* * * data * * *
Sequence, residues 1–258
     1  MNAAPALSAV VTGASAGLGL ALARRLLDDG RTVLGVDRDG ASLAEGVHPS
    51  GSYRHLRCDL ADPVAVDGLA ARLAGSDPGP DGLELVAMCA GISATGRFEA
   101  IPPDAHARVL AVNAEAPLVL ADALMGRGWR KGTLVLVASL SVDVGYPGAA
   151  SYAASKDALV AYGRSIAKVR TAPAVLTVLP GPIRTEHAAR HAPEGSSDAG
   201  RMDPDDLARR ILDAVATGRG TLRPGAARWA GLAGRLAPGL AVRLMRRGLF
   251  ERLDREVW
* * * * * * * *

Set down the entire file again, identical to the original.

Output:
Sequence, residues 1–258
     1  MNAAPALSAV VTGASAGLGL ALARRLLDDG RTVLGVDRDG ASLAEGVHPS
    51  GSYRHLRCDL ADPVAVDGLA ARLAGSDPGP DGLELVAMCA GISATGRFEA
   101  IPPDAHARVL AVNAEAPLVL ADALMGRGWR KGTLVLVASL SVDVGYPGAA
   151  SYAASKDALV AYGRSIAKVR TAPAVLTVLP GPIRTEHAAR HAPEGSSDAG
   201  RMDPDDLARR ILDAVATGRG TLRPGAARWA GLAGRLAPGL AVRLMRRGLF
   251  ERLDREVW